Look closer. Did you see it?
Probably not. Because despite everything that’s going on during a Cirque du Soleil performance, it’s the subtle, almost unnoticeable details that truly make it one of the greatest shows on earth.
I always come away impressed, but not for the reasons you may think.
Doesn’t matter if I like the performances (I do). All of them are both weird and wonderful in a fascinating hypnotic way. In fact, I often shake my head in wonderment at how they come up with all these ideas. However, in my opinion, that is not where Cirque’s magic lies.
For me, it’s about the stuff you don’t always notice. It’s the details that, as creator Guy LaLiberte knows, make the difference between mediocre and spectacular. And Amaluna, Cirque’s latest instalment, is no different.
The costumes, the lighting and the sheer engineering energy that it takes to put on this show are staggering. The visually stunning sets and opening pageant number are almost too much for the brain to take in all at once. This is not so hard to notice.
But pause for a minute to consider the mechanics of such an undertaking. Elaborate rigging, custom welded apparatuses, the quick take-down and set-up of on the fly sets are all part of life in this circus. Throw in the precise timing required to help a performer fly around the tent and it becomes clear that there is no room for error. Making it look easy is part of the handbook.
Every performer here is very highly trained. Held to a standard like no other. Each one acts, and reacts, to their environment. Whether they are spotting for a stunt, cleaning the floor of water or setting up for the next act, each one is fully aware that they are always on stage. Again, this is not so hard to notice.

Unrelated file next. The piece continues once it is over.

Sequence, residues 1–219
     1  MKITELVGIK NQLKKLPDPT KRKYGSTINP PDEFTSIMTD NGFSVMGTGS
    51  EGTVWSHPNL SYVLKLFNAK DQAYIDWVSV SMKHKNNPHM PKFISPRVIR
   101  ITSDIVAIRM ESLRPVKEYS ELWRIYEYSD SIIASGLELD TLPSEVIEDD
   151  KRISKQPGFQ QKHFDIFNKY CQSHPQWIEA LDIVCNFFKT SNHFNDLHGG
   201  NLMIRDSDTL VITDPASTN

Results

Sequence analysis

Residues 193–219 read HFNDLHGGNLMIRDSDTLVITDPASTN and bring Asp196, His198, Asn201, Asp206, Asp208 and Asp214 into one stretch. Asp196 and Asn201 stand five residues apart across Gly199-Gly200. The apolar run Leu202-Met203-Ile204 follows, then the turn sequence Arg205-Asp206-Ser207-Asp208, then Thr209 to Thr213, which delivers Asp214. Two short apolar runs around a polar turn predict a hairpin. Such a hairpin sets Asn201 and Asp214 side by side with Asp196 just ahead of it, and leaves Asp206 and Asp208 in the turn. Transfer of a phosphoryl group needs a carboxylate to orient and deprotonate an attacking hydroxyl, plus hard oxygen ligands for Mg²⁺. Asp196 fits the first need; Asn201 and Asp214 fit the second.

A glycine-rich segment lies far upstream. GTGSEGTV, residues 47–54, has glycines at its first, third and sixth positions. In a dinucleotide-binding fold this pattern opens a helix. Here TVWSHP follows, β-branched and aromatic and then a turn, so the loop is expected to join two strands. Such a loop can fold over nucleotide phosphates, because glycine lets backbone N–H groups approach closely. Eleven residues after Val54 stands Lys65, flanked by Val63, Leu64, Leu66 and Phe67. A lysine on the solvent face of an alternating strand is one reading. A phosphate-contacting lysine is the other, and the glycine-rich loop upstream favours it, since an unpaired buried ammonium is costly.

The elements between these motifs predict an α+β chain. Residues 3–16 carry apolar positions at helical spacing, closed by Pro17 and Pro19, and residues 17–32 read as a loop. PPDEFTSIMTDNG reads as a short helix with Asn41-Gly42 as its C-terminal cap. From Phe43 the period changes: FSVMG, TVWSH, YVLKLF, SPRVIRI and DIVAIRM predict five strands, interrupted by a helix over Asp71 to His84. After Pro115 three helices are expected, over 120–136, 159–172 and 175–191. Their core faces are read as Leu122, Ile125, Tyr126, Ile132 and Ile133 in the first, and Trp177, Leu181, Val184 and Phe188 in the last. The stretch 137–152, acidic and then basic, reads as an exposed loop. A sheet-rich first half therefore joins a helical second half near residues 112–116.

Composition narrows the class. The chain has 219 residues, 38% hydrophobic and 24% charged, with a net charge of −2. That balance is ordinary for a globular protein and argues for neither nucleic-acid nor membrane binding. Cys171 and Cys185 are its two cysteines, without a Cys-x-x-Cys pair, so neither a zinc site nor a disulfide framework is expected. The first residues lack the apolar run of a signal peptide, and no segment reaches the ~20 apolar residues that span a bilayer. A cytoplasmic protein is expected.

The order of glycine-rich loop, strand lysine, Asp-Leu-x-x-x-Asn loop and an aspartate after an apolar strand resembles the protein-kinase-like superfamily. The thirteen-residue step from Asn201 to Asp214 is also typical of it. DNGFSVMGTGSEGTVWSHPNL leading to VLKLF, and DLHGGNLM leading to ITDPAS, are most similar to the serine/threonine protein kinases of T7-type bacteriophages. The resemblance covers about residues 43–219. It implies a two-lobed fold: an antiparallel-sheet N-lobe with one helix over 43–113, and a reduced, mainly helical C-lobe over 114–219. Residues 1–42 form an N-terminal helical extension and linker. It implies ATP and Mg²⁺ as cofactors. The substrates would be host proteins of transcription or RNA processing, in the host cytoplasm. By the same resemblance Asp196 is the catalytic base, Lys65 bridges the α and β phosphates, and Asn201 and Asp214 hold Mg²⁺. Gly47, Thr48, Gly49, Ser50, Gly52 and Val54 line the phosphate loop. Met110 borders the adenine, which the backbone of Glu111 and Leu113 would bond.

But stop. Check out their eyes. Watch their expressions. The contact they keep with the audience. The glances they exchange as they whirl past each other. The intimacy created during the Cerceau and The Waterbowl scene. The passion exchanged as two “lovers” fly overhead during The Storm sequence. All acting. All drama. And all very important details that bring added tension beyond the fact they’re hanging on for dear life overhead.
I also suspect that every performer is specially trained in what my stage peeps used to call the “perma-smile”. Once again done to Cirque perfection, it’s what makes a potentially boring unicycle dance come to life. Two adorable little faces in glimmering gold outfits “tweedle” about with smiles big enough to reach the back row. Despite their likeness to Dr. Seuss’s “Thing One” and “Thing Two”, all I wanted to do was take them home and keep them.
But when it comes to star “face” performances, the juggling Lizard man has set the standard. A going concern throughout the entire show, performer Viktor Kee’s animation is nothing short of spectacular. Effortlessly catching glowing orbs that fall from the sky, you just know this guy loves wearing this costume. The suggestive stare. The sly smile. He masterfully draws everyone into his act. After shedding his skin, it becomes clear that he is much more than a piece of tail who knows how to handle his … balls?
Finally, one can’t talk about Cirque without mentioning the music. Haunting yet explosive, it is, for me at least, the most important part of the show. While other stage shows seem content with a cutback pit orchestra plugged into too many midi devices, I’m happy to see Cirque settle for nothing less than the full monty. Singers, drummers, strings and guitar players that, in typical Cirque style, are true all-round performers. Dressed in outfits that would make Prince weep with envy, the all-girl band of Amaluna can shred it with the best of them. Precise timing. The perfect splash cymbal. The cresting crescendoes. All custom composed to specifically match each stage theme. Usually hidden in the shadows, I was thrilled to see the musicians play up front much more than usual this time out.
It’s clear that Cirque, and Amaluna, are all about a feast for the senses. Worth the price of admission and more, I highly recommend taking in the magic while it is town this holiday season.
By Catherine Barr
Photos by Dee Gandhi